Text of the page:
At exactly 546am we rolled up to the start (ride to the ride!). No one in sight. Not one of the 700 people signed up for the ride that starts ‘between 515 and 545am’. So we pedal off! Within an hour it was warm. Ride fast before it’s too hot or conserve energy? Brian double flats on a pothole in a paceline. A first.
The Davis Double is super well supported with 10 checkpoints in 202 miles, most filled with plenty of fruits and other foods (no clif bars unfortunately). It is inevitable on a 200-mile ride that you will deplete your fluid and energy stores, but we put serious effort into minimizing that (read: we ate and drank a whole lot). There is only about 8,000 feet of elevation gain total, but most of it comes in four climbs. Four climbs in the middle of the day. Four climbs all when the temperature is over 100 degrees. We take our time.
The secret watermelon and vegan burrito stop on the LA to SF drive
When we finish it is still daylight, but unlike Los Angeles the temperature doesn’t drop significantly. We eat the free post-ride food, try to find a tool for Brian’s bottom bracket and start mentally preparing for Sunday. Back at Janie’s house we eat again, load the car and then set off for the 45 minute drive to a relative’s place near Auburn.
One of the many (okay, five or so) fixed gears at the double
It’s after 11pm when we say goodnight and agree to set our alarms for 445am. The heat changes the fatigue you feel. It’s more of a whole body emptiness that you just don’t experience from regular fatigue. And you just can’t drink enough to replace what you lose. It’s a losing battle. I lay down on top of the bed and am asleep before I even think about getting under the covers.
When I awake in the dark I don’t feel miserable. Similar to being hungover (it’s been awhile so I can’t say for sure) in that you are slightly confused and feel like you over it did the night before. Brian looks somewhat normal.
We arrive at ‘T2’, which is also the finish. We set up our running stuff, load our swim stuff into backpacks, set up our bikes and ride to ‘T1’. Six miles, mostly downhill. Ouch. Legs are unhappy. I’m still a little dazed, but the sun is up, people are about and excited. We check-in, set up our bikes in ‘T1’ and start to dress for the swim. Note to Jan Ulrich-types who like to gain weight in the off-season: If your wetsuit is tight at ‘race weight’, you are going to be unhappy at ten pounds over. Note to slackers: It’s embarrassing to be running down the boat launch as the race is starting.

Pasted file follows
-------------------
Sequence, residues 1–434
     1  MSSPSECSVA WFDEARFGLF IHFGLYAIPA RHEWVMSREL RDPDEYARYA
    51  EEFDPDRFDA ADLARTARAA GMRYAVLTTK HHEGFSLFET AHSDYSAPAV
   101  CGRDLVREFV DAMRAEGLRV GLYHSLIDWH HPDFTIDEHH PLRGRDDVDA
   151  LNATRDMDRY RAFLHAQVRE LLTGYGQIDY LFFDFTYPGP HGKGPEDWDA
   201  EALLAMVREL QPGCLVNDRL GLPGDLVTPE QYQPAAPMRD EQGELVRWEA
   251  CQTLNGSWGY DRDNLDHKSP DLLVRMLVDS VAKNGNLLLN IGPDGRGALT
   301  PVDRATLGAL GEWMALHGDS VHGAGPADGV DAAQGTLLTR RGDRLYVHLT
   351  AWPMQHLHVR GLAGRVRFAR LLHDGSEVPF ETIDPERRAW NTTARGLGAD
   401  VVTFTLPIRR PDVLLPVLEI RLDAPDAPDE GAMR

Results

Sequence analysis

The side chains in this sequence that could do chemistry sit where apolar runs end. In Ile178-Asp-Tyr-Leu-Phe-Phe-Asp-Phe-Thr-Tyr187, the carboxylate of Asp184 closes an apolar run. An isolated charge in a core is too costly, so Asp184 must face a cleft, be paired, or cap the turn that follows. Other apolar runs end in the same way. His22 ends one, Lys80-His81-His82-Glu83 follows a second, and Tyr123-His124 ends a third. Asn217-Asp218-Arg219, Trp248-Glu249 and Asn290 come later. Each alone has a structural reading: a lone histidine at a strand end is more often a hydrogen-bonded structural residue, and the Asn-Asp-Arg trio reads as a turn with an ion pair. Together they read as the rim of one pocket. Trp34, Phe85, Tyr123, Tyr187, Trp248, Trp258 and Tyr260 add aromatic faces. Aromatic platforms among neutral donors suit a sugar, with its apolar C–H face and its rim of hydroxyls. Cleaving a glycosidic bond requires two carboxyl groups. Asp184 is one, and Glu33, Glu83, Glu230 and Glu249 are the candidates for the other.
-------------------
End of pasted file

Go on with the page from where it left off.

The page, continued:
I have no shame in admitting that I was thinking about quitting before I reached the first buoy. I was struggling to breathe, my body was aching and I was cramping. Why is this so bad? Just kept swimming. Was focusing on my fish-like swimming and was getting nauseous. Can fish vomit in their mouth?
Back at my bike taking off my wetsuit was so glorious I decided to sit down and revel in the wetsuit-free glory. Then I tried to ride my bike up some hills and my legs hated me possibly more than my stomach. It wasn’t that miserable feeling you get on super long or hot rides where you just want it to end. It was different. More of a disconnected feeling where your shortcomings seem somehow to be normal. The odd thing was that I didn’t care that much. Did I accept it on some level or was I too phased to care? I ate a banana. Drank some electrolyte stuff. And some water. And got passed and passed and passed. Aren’t I suppose to be the one doing the passing on this race? No top fifteen percent bike split this year! Hills are hard when you are tired.
I told myself I wasn’t even going to start the run. Why bother? But when I saw my shoes I thought, ‘I already paid and my shoes are already here…’ and went out. Wow. Stomach is super unhappy. What’s that weird feeling? Oh yeah, having to pee. Sort of. I think the thick liquid that came out was urine (only a slight exaggeration). At the first aid station I sit in the shade and stare off into space. My stomach is killing me. I add up my calorie consumption for the day: about 800 in five hours of activity. Uh oh. A very fit looking female volunteer probably 1.5x my age, or more, who could easily beat me in any race, says, ‘Looks like you didn’t do enough hot weather training’. I told her I did plenty the day before. ‘Look. See the salt stains on my spandex?’ The sun felt like it was melting my skin. Other people looked normal. Are they not human?
The run is two loops from the T2/Finish area. When I finished loop one Brian was there to cheer me on. He had finished already. I stepped off the course, laid down in the shade and didn’t get back up. No desire to run. The ground was spinning when I closed my eyes. Am I still edge? Brian brought me some cytomax and water and I put it down. And then some more. And then some more. It’s three days later and eating/drinking is only starting to be normal. Wow.
We didn’t drive back that night. Even after ten hours of sleep we were both blasted. Unbelievable what the heat can do to you. What an adventure. Looking forward to Vineman in August. Nothing crazy beforehand.